"Instagram" allows its users to filter direct messages from offensive phrases

Facebook's Instagram network began on Wednesday providing a technology that allows its users to filter messages received on the platform from offensive phrases, in a new step for the social platform that seeks to combat online harassment.

The famous photo-sharing application said in a statement that "direct messages are private conversations, and it is not possible to pre-verify whether they include expressions of hate speech or harassment" as the network does for other types of conversations.

Users in seven countries (Britain, France, Ireland, Germany, Australia, New Zealand and Canada) can activate an option that allows automatic blocking of "direct message requests" (chat invitations) that contain offensive words, phrases, or emojis.

"In these countries, some public figures, such as football players, are exposed to offensive phrases in direct messages," Clotilde Brend, the public policy officer at Instagram, told AFP.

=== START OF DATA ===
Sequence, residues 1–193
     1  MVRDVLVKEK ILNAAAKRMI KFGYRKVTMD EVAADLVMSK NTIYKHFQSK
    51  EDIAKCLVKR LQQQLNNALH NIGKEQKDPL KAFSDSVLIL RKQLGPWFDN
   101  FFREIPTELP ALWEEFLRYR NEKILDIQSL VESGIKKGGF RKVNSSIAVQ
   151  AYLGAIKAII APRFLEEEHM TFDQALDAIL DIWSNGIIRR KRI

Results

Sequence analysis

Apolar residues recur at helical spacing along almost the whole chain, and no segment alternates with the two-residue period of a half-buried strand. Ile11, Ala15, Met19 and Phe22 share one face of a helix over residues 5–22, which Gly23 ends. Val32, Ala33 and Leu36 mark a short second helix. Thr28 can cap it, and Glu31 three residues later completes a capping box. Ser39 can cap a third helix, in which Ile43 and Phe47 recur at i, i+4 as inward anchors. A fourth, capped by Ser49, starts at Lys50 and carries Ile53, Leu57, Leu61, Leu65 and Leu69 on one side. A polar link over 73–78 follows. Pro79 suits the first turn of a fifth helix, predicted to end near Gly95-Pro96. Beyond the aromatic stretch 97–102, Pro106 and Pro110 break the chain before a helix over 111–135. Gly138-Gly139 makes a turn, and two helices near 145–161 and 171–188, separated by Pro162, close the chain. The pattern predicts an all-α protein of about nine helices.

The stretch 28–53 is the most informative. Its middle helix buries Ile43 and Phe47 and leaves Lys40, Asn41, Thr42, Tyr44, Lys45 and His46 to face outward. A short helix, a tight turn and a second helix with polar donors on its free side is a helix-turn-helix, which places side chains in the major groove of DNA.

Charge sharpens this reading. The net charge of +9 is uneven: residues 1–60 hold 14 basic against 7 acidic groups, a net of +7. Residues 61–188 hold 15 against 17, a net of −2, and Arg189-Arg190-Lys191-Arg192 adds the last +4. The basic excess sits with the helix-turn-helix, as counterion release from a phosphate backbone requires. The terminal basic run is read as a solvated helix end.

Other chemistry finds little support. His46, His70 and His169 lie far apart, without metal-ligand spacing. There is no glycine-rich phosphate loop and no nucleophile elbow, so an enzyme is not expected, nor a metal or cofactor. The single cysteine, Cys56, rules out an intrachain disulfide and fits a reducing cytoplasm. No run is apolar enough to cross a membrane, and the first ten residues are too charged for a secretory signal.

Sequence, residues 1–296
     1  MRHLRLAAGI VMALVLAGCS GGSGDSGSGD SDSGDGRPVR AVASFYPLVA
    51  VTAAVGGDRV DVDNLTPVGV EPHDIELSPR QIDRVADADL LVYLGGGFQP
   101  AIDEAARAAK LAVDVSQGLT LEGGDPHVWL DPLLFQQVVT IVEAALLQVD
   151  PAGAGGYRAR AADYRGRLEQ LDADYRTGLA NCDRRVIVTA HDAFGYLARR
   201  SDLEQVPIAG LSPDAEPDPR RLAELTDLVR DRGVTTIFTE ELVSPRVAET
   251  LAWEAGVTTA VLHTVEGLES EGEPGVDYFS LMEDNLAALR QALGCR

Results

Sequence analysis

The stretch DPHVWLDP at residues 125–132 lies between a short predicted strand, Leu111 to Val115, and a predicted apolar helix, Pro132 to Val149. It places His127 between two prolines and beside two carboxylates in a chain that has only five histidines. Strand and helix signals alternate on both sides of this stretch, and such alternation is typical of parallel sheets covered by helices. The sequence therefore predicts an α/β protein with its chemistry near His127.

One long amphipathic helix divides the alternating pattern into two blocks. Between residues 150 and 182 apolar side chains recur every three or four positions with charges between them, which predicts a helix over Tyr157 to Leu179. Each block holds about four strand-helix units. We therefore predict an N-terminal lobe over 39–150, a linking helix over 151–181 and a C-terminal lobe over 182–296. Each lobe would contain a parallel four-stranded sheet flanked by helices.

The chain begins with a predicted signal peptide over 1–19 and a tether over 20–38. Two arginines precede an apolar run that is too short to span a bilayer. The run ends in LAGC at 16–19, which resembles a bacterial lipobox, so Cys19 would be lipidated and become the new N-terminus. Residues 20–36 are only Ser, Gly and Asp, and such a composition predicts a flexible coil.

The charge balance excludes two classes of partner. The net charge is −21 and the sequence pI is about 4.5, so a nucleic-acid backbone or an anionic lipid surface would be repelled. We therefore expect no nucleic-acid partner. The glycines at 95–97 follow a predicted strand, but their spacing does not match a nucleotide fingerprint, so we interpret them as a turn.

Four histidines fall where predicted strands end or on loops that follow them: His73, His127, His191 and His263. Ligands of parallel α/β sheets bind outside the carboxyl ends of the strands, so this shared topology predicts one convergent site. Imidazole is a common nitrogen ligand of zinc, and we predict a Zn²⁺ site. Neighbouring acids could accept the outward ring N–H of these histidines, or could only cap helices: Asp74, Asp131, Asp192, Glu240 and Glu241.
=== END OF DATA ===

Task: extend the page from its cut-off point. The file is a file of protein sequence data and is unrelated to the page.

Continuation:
It noted that "the bulk of hate speech stems from these direct message requests." "We will give each user the ability to inform or not inform us of these messages," she added, which will still be available in a separate mailbox.

Instagram, which has more than a billion users for years, has been trying to combat harassment, hate speech and disinformation spreading on social networks.

In 2019, the network launched an artificial intelligence-based technology that allows proactive warning to people who want to post offensive messages, and recently announced that it will use machine learning to guess the actual age of users.

In March, the social network confirmed that it intends to create a version of its service for young adolescents, prompting protests from specialists in the field of child rights.

 

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